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road and workshop

18th December 1970
Page 40
Page 40, 18th December 1970 — road and workshop
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Which of the following most accurately describes the problem?

by Handyman

Benchwise: lathe sense (39)

THIS IS my penultimate article on the garage lathe and its value in decreasing vehicle downtime when spares are short. Therefore it is time to look at lathe maintenance.

Unfortunately, unlike the factory lathes, or the one owned by the dedicated home turner, the garage lathe is likely to be left idle for long periods, stand covered in dust, or be handled by all and sundry who may never think that it may also need a look-over, adjustment, or more important, oiling.

• The head gear is the most frequently neglected section, and where the mandrel is belt driven the belt pulley often runs free, using the mandrel as a bearing, and as this happens on all operations where back gear is used, this will be found to represent a large percentage of lathe operations. Therefore if this pulley is fitted then it requires regular lubrication—once or twice a shift at least if in full-time use.

Do not make themistake of using grease or a 140 gear oil as a means of stretching out lubrication periods, that's a worse than useless idea. Instead, use a good thin oil at regular intervals. Clean off all feed screws with a stiff brush, then oil and operate a few times to place oil in the feed nuts. Unless you have oil bath gears the same applies to loose gear wheels—clean and oil before and after use.

The lead screw clasp nut can also be neglected just as the tail-stock feed screw, and, the shank can take in debris and become stiff to operate, a real annoyance. In an earlier article I wrote of the care needed with the lathe ways, which are easily damaged—and it's nearly impossible to rectify or erase marks on them. Any dent or scar will collect dust and cause further damage, or "lumpy" carriage travel.

The debris produced when working cast iron, especially where the outer skin has been removed which includes casting sand, is probably the most destructive combination there is, particularly when mixed with spilled oil. So brush or wipe away this debris carefully, and do not on any account use high-pressure air to blast it off, as this would force it under movable parts and damage would soon be done. Be careful with brass debris too, as although it's soft it can lap itself into cast iron. One danger to watch is that just after a lathe has been cleaned and lubricated, some "character" does not decide to turn up a wood handle, or a "dolly" for lining up a clutch centre plate, leaving the sawdust on the lathe bed which will soak up oil and water and if left a few days cause a nasty corroded area. I have already written of the need for a board or block to lower a heavy chuck, etc, and advocated a saddle that requires no more than mounting the chuck in it and sliding up to the mandrel thread. In the same way a board made and fitted to cover the lathe ways will take care of' dropped tools, hacksaws or files, etc, all of which can play havoc with the machined faces. It will also guard against the novice when he must use a hammer and punch to drive out lathe centres.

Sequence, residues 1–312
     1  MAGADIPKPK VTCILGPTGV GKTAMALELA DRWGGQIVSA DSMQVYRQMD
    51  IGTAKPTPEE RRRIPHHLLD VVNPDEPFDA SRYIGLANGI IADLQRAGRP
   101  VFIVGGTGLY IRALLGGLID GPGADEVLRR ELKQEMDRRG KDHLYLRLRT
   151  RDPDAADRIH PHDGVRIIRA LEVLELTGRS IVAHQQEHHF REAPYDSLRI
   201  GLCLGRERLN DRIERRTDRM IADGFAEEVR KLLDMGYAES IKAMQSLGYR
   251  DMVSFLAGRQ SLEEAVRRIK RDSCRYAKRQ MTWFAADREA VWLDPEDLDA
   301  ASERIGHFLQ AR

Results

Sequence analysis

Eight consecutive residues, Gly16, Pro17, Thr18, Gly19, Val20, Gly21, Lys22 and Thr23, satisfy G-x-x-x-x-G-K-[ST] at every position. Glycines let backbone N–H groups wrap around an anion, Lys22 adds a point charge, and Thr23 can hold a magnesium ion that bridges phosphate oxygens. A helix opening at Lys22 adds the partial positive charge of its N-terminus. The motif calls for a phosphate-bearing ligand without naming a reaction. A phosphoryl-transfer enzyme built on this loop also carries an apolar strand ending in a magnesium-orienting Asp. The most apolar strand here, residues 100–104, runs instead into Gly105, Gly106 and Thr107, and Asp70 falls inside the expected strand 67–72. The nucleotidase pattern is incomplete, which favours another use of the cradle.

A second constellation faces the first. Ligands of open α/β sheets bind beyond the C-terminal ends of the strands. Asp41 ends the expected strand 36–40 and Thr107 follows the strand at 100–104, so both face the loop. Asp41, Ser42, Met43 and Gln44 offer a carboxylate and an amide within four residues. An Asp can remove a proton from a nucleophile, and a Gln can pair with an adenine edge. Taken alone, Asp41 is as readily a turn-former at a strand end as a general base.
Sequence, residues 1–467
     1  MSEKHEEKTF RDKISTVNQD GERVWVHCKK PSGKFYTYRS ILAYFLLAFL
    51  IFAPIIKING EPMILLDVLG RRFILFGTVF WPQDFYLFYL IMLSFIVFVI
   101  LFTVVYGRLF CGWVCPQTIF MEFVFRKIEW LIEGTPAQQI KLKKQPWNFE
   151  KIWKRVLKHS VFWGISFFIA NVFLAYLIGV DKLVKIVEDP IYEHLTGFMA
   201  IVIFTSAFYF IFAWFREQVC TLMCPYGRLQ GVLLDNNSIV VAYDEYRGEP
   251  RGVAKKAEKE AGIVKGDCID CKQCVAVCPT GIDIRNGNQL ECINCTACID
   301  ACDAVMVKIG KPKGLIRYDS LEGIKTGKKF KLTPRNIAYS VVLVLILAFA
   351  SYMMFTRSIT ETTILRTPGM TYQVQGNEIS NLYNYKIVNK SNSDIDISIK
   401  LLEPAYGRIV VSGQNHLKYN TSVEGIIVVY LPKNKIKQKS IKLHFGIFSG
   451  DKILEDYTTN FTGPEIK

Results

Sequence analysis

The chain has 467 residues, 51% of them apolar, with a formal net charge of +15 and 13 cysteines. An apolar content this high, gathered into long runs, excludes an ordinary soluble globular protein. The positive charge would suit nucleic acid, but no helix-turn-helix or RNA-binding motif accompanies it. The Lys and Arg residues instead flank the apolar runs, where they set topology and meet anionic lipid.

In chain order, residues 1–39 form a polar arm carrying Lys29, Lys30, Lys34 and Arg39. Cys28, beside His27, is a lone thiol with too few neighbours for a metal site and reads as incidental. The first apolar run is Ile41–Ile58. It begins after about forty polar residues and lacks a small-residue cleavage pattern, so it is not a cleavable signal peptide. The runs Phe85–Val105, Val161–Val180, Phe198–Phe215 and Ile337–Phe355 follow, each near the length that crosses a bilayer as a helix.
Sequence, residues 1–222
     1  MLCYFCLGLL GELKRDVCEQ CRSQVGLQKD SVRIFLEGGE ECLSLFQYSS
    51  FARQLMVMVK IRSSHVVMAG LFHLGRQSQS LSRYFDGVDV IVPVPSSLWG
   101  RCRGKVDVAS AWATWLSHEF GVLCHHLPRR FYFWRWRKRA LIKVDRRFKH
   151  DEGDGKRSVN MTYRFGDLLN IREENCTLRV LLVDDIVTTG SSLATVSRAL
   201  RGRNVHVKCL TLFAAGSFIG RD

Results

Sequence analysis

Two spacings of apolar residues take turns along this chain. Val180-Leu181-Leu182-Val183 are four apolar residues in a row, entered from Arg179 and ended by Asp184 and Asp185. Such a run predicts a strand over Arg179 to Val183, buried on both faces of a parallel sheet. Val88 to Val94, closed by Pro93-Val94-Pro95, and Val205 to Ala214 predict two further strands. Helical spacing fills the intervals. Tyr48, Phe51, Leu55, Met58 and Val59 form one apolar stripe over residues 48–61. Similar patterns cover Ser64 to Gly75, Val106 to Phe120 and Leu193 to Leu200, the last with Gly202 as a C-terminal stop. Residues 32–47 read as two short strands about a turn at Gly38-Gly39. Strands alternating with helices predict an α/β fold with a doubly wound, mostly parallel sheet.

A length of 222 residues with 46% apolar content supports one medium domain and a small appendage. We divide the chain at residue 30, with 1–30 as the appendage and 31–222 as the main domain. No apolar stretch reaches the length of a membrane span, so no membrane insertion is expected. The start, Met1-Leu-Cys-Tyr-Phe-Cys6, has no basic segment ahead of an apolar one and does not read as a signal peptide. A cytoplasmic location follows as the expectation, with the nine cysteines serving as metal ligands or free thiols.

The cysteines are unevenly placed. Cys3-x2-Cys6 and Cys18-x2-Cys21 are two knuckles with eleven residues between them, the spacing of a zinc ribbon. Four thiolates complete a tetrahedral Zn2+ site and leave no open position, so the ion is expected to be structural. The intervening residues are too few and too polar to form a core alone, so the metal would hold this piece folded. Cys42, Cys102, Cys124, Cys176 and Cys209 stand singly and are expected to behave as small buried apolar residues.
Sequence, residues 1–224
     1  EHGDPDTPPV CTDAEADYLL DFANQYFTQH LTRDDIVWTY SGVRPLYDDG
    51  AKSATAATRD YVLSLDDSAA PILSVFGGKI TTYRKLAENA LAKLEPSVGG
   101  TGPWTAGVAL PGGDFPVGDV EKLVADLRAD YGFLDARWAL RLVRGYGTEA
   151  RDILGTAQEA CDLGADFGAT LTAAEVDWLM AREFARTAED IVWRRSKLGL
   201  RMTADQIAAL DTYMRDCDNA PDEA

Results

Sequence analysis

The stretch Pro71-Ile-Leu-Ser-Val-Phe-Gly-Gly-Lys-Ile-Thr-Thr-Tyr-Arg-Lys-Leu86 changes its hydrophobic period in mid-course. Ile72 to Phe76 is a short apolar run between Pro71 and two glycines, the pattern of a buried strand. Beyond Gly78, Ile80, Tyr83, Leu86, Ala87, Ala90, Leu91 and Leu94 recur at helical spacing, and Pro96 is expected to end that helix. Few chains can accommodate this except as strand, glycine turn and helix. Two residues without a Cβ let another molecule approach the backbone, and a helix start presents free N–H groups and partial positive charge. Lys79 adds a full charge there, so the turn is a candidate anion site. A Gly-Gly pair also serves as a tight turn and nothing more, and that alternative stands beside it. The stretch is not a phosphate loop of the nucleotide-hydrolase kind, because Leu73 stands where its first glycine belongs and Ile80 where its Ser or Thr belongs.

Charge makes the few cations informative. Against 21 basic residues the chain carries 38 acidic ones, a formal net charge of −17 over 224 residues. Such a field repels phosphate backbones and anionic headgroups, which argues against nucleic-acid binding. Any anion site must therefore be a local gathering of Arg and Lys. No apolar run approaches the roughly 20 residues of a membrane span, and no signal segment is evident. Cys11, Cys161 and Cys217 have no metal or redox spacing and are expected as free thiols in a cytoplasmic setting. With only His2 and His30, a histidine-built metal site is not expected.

After a lathe has been used with either the lead screw clasp nut or self-act, and the operator has failed to put all gears out of mesh or disengage the self-act, there's a danger that if the starter is wall mounted and several feet away, he or someone else may start up not knowing that feed is engaged. This is one of the most disastrous things which can happen because the carriage can then crawl almost unnoticed either towards the revolving chuck, or be forced into the tail-stock, in which case the whole lathe can be banged out of line. Never leave a lathe or other self-feed machine until you have checked that all is in neutral for the next start.

One of the causes of strained bolts and bent or broken teeth on the loose wheel lathes is where the gears have been fitted far too closely on the banjo, or gear slide; this can happen without it • being noticed, especially with a hurried job. The best and oldest way to guard against this is to slip a piece of thin paper between each wheel before meshing, then tighten up, revolve the wheel by hand and pull the paper out as it runs clear—this will guarantee accurate meshing with no binding or bottom tooth load.

Headgear or mandrel bearings are mostly adjustable, and if they are beginning to rattle or shake then the' need adjustment. However, these bearings can warm up and drag if too tight and this will show up at high speed on a long operation. This tightness can be found by checking for heat, and each bearing should be adjusted separately until clear of shake but completely free. Oil carefully and give the lathe a high-speed run under no load, and again check for undue heat. There are a few pointers to maintaining even an old lathe in a workable condition, and next week in my final article in this series I will deal with the importance of a coolant during machining operations.


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